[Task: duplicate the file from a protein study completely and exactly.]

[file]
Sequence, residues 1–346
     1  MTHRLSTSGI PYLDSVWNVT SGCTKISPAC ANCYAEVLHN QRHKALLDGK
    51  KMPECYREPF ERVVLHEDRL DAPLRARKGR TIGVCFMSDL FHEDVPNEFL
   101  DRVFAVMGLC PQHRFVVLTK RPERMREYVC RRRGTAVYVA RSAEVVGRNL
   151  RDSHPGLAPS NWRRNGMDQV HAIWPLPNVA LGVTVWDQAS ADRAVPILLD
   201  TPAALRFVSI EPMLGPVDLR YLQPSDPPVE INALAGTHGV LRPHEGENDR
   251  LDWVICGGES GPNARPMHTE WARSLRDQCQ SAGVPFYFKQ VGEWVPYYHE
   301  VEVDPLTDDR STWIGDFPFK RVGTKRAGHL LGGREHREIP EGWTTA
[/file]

Sequence, residues 1–346
     1  MTHRLSTSGI PYLDSVWNVT SGCTKISPAC ANCYAEVLHN QRHKALLDGK
    51  KMPECYREPF ERVVLHEDRL DAPLRARKGR TIGVCFMSDL FHEDVPNEFL
   101  DRVFAVMGLC PQHRFVVLTK RPERMREYVC RRRGTAVYVA RSAEVVGRNL
   151  RDSHPGLAPS NWRRNGMDQV HAIWPLPNVA LGVTVWDQAS ADRAVPILLD
   201  TPAALRFVSI EPMLGPVDLR YLQPSDPPVE INALAGTHGV LRPHEGENDR
   251  LDWVICGGES GPNARPMHTE WARSLRDQCQ SAGVPFYFKQ VGEWVPYYHE
   301  VEVDPLTDDR STWIGDFPFK RVGTKRAGHL LGGREHREIP EGWTTA